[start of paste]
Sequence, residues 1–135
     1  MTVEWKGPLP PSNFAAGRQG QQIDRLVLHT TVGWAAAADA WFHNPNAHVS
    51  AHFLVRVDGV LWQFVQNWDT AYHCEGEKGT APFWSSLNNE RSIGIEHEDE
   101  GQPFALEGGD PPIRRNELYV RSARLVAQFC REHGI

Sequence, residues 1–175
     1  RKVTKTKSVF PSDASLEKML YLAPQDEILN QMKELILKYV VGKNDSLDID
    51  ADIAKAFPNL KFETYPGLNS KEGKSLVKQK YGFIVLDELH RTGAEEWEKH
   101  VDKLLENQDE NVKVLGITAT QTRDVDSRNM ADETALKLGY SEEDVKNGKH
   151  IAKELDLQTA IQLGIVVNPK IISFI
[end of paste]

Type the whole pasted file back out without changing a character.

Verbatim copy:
Sequence, residues 1–135
     1  MTVEWKGPLP PSNFAAGRQG QQIDRLVLHT TVGWAAAADA WFHNPNAHVS
    51  AHFLVRVDGV LWQFVQNWDT AYHCEGEKGT APFWSSLNNE RSIGIEHEDE
   101  GQPFALEGGD PPIRRNELYV RSARLVAQFC REHGI

Sequence, residues 1–175
     1  RKVTKTKSVF PSDASLEKML YLAPQDEILN QMKELILKYV VGKNDSLDID
    51  ADIAKAFPNL KFETYPGLNS KEGKSLVKQK YGFIVLDELH RTGAEEWEKH
   101  VDKLLENQDE NVKVLGITAT QTRDVDSRNM ADETALKLGY SEEDVKNGKH
   151  IAKELDLQTA IQLGIVVNPK IISFI